A few months ago I came across an ad for IBM in the Harvard Business Review. The title was “The more we know, the more we want to change everything.” Ads don’t normally capture my attention but this one did. As I’ve written before, there are many things that schools can learn from business. We share the desire to continually improve our product (learning and teaching) and to use technology in smarter ways to understand our students (clients) in order to deliver a better experience. The ad says:
Across the world, a distinct group of leaders is emerging who possess both a wealth of data and an acuity of analytical insight that that their predecessors never had. So they feel freer to act – with a calculated boldness – to lead the big shifts that are reverberating through their organisations. They are making bold decisions and advancing them on the basis of rich evidence; they are anticipating events, not merely reacting to them; and they are toppling the conventions that stand in the way of thinking and working smarter.
The adage is knowledge is power but data is knowledge. The more we know, the more we can do and in this age of personalisation, big data is big business. I think however its impact on education is yet to be fully realised. We’ve always known that data is critical to our work but it’s been the case of what to do with it and how to use it effectively to anticipate [learning needs] rather than merely react to them.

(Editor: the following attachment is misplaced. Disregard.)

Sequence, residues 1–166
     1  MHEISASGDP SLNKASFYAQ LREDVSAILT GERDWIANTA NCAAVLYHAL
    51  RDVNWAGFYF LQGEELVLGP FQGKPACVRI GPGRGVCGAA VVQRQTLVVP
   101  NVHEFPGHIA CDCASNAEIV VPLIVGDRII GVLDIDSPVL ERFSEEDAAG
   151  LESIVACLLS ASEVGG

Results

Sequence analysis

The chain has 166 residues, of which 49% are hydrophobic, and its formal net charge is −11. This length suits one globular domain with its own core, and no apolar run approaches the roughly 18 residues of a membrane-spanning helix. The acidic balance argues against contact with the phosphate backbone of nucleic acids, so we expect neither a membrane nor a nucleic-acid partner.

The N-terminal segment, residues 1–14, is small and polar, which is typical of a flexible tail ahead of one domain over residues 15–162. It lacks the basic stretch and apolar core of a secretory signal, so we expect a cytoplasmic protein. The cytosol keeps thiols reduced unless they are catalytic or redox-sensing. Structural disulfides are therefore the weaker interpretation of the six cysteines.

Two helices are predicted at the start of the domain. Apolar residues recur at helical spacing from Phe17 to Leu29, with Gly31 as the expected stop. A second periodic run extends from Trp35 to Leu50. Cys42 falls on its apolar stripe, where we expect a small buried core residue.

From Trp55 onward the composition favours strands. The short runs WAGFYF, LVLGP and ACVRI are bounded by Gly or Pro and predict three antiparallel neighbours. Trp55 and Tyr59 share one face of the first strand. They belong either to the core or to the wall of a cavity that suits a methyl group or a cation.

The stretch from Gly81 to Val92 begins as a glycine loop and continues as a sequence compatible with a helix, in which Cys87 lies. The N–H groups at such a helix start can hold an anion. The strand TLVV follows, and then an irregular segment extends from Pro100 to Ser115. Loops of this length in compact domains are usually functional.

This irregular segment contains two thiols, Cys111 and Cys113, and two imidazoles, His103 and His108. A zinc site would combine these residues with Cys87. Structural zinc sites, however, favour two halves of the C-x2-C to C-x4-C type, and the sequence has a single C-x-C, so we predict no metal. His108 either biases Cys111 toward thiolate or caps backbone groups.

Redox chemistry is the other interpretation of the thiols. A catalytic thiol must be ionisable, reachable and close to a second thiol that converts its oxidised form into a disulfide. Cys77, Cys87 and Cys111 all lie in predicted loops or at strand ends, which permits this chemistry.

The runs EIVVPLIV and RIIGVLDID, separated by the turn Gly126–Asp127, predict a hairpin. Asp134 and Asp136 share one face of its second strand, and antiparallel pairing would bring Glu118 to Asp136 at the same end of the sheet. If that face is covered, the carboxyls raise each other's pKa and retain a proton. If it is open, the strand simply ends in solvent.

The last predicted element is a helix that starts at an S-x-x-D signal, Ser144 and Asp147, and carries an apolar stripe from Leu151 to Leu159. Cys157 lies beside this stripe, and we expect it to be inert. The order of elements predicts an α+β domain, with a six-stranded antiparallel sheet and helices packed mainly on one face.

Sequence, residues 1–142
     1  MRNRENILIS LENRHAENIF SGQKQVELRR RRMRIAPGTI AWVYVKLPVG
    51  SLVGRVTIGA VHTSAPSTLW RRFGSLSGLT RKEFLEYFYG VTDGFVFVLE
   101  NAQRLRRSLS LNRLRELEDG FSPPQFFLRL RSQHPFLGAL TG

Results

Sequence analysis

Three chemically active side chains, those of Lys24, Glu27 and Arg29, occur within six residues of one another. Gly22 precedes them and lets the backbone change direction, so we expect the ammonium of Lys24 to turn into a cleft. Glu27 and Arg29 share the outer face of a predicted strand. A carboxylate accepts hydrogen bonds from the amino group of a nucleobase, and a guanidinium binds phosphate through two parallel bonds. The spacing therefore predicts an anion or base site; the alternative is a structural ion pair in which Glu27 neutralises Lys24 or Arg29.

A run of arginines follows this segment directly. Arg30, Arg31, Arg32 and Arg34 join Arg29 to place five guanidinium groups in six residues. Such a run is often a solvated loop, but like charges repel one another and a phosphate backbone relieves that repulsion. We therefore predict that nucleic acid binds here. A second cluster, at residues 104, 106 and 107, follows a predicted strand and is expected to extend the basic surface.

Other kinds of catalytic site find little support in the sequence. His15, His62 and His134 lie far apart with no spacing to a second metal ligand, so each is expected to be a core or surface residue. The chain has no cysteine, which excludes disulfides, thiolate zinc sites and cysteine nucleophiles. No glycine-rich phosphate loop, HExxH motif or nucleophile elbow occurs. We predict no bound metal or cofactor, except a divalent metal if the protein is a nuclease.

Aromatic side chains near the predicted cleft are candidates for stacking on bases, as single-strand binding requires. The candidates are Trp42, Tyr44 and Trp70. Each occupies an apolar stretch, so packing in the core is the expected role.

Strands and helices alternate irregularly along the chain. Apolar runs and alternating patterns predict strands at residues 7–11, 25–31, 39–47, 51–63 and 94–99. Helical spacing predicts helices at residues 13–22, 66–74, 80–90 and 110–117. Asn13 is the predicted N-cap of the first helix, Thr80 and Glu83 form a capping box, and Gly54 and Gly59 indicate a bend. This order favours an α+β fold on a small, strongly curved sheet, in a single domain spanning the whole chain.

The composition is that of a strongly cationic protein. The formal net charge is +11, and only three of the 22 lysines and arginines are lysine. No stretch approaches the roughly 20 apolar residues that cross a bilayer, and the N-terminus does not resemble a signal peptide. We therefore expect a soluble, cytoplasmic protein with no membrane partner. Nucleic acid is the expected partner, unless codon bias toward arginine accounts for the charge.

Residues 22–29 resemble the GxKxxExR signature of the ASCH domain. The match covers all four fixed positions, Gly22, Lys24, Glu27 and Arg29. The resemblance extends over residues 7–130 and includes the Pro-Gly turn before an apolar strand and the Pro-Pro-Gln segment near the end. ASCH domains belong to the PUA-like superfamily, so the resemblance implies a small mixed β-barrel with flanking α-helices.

There is obviously a buzz in education now around big data or learning analytics. The 2013 K-12 Horizon report includes learning analytics as one of its mid term trends. According to the report, “learning analytics leverages student data to build better pedagogies, target at-risk student populations, and assess whether programs designed to improve retention have been effective and should be sustained.”
This is taking personalised learning to a whole new level. As more and more schools move to online learning, this will make it so much easier for teachers to examine students’ progress in real time and to respond accordingly.
The Khan Academy is one organisation that has been developing its metrics in order to understand learners’ progress and performance. Two years ago I met Ramona Pierson who used her own extraordinary journey to develop tools for blind people, which then segued into education. Ramona is now the CEO of Pierson Labs, which is developing tools to help teachers create more personalised lesson for students that combines learning analytics and social networking platforms.
Learning analytics will not only significantly impact on students’ learning but also on teacher learning. Imagine as Ramona says mapping the learning progression of teachers against the needs of students – this means being one step ahead instead of five years behind.
As Lyn Sharratt and Michael Fullan write in Putting Faces to the Data, effective teachers combine emotion and cognition in equal measure. Teaching is a balance between art and science, data and humanity. The proliferation of learning analytics will enable every teacher to make decisions based on rich evidence not assumptions.
I’d like to think that the more teachers know about their students, the more they want to change everything. These teachers don’t see artificial divides between performance data and student well being, they see it as a symbiotic relationship that gets richer the deeper you dive. The test is how feedback is given and it’s used to improve our core business – learning and teaching.